Deputy Executive Director of the Green Climate Fund, the Secretary General of IMO and the Secretary General of ICS met to discuss funding options for the proposed ‘IMO Maritime Research Fund’ (IMRF).
n fact, a key aim with the meeting was to develop potential solutions to ensure that developing economies from Latin America, the Caribbean, Africa, Eastern Europe, Central Asia, and the Pacific can access technology and funding for zero carbon ships and the required infrastructure.
One solution to be discussed further in the coming weeks is the potential availability of up to USD 1.5 million from the GCF Project Preparation Facility (PFF) to fast track the creation of the IMRF; a USD 5 billion research and development fund to accelerate research and development into zero emission technologies to be used by shipping.
In 2019, our industry put forward a proposal to create a USD 5 billion innovation fund to kick start the R&D needed to deploy the technologies required to deliver a zero emissions future. This would not add a penny in taxes and would provide a fund which could be leveraged by industry and governments. This is a no brainer, something that all governments can jump at to send a clear message that the world is serious about the energy transition and climate goals.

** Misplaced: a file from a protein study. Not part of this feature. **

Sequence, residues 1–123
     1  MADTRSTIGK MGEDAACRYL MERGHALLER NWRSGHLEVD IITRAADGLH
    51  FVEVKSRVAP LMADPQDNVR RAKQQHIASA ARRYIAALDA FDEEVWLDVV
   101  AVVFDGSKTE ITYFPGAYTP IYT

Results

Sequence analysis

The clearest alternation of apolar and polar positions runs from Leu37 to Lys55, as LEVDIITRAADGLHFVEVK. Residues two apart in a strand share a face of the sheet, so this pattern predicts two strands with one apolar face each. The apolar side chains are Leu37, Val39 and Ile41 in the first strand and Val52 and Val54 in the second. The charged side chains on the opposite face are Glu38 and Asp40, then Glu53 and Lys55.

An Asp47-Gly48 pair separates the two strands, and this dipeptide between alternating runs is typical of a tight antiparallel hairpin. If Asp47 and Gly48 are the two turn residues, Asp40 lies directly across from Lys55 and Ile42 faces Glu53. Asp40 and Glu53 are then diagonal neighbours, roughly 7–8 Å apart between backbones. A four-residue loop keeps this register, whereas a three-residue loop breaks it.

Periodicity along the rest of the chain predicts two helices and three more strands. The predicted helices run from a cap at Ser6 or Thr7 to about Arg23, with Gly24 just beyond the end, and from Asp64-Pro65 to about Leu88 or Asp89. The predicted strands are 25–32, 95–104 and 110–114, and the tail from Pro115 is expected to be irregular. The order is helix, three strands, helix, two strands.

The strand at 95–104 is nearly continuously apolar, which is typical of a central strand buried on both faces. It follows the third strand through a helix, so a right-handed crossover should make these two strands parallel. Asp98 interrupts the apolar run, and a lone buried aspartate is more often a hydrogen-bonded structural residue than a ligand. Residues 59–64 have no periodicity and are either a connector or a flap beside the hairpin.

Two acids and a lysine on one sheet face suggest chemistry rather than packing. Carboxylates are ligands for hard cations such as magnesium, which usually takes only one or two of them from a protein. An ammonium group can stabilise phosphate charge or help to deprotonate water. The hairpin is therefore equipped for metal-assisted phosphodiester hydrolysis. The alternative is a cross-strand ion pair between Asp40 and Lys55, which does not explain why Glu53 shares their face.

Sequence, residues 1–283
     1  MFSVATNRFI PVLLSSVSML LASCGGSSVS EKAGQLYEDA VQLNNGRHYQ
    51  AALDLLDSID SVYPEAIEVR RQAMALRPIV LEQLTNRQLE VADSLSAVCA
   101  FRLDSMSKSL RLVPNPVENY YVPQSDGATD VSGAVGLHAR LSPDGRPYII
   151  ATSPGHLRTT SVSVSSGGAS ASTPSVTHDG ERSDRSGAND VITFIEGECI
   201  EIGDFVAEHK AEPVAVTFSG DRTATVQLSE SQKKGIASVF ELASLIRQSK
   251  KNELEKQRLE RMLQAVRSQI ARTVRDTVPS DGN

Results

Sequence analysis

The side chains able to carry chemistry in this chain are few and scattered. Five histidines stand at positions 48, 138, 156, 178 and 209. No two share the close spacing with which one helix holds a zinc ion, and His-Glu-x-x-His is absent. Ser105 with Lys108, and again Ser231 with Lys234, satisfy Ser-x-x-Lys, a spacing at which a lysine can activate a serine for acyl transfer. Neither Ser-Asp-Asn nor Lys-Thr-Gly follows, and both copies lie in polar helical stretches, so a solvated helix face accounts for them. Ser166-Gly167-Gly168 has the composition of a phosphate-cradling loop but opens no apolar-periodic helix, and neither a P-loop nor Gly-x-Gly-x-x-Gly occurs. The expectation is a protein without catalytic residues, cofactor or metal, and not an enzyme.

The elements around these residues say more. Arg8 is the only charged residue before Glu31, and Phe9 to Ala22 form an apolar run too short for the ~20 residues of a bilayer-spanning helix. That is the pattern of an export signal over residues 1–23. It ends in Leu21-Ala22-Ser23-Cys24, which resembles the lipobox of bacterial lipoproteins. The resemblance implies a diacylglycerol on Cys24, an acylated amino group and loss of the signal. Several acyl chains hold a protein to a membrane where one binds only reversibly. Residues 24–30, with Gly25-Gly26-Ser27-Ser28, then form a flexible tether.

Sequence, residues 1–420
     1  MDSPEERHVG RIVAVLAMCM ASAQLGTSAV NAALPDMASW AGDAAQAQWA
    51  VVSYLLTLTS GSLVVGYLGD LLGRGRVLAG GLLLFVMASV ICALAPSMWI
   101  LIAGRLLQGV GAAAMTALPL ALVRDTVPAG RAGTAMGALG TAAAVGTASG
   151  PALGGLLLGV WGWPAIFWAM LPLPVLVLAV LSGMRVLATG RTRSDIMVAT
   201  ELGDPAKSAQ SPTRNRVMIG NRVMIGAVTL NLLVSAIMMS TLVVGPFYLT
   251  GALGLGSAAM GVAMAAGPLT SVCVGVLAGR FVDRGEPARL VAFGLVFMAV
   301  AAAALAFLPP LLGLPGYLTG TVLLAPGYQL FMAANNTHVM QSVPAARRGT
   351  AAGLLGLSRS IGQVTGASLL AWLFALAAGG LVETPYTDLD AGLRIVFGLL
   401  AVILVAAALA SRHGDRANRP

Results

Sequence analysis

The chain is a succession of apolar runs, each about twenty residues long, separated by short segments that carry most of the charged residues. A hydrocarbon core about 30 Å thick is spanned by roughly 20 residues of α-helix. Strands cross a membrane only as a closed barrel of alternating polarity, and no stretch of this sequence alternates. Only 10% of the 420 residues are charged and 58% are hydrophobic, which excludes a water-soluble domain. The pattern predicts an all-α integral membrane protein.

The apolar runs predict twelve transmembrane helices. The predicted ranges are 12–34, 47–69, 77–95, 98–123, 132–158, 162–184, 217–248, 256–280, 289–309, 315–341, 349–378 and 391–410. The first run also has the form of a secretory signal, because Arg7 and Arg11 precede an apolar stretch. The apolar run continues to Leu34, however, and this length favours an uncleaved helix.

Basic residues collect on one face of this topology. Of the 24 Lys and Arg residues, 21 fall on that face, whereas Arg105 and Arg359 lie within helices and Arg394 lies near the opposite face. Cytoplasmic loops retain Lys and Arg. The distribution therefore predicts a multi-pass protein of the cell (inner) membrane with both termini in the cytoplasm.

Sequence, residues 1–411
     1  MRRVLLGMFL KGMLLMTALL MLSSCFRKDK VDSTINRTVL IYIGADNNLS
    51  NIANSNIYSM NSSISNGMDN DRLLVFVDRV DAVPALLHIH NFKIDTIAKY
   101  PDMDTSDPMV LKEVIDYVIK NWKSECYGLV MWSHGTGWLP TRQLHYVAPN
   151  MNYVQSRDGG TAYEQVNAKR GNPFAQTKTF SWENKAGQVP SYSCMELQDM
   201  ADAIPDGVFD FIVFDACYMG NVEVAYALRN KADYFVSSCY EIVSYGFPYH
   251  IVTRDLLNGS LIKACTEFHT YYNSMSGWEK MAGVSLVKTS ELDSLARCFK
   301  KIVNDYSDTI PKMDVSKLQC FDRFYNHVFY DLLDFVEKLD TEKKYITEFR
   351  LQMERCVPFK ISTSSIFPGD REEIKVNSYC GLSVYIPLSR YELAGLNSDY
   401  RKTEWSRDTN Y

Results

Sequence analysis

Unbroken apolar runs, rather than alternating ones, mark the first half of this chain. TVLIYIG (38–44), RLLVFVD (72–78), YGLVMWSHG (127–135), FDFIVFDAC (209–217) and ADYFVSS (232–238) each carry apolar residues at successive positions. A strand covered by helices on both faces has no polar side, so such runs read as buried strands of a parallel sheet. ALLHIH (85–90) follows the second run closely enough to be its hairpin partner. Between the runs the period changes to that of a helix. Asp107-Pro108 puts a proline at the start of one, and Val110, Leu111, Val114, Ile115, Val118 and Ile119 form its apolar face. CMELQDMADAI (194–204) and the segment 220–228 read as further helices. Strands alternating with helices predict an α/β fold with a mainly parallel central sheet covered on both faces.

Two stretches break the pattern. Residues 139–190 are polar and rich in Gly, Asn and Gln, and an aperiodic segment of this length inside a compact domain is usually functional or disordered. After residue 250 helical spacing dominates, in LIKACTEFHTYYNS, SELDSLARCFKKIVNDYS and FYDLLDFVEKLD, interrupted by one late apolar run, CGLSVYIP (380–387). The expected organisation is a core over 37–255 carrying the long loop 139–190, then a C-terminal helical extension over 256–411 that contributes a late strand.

….Guy Platten, secretary general of the International Chamber of Shipping, commented.
The PPF, to be requested by a GCF Accredited Entity to develop the proposal, could be used to pay for the feasibility and governance work required to set up the fund quickly as soon as it is approved by the IMO.
As informed, the IMRF proposal would provide guaranteed levels of funding to all member countries at no cost to taxpayers, to accelerate the production of zero emission ships.
The International Maritime Organization (IMO) are due to review a proposal to form a USD 5 billion R&D programme at its next Marine Environment Protection Committee to be held right after COP26.
The USD 5 billion fund would be overseen by IMO and financed through a mandated R&D contribution by ship owners of USD 2 per tonne of marine fuel consumed. The shipping industry wants the fund in place by 2023.
During the meeting, Javier Manzanares, Deputy Executive Director of the Green Climate Fund, said:
The proposed Research and Development fund could provide access to climate technologies for developing countries with the aim of reducing the CO2 footprint of the shipping industry, which would be very welcome. GCF is proud to have joined the global methane pledge, which has strong synergies with this initiative, and welcomes moves to foster innovation that will drive the climate transformation of the maritime industry.
Concluding, the meeting also discussed the possibility of GCF providing additional support to developing economies to attract match funding, which could significantly increase the levels of R&D available to developing economies.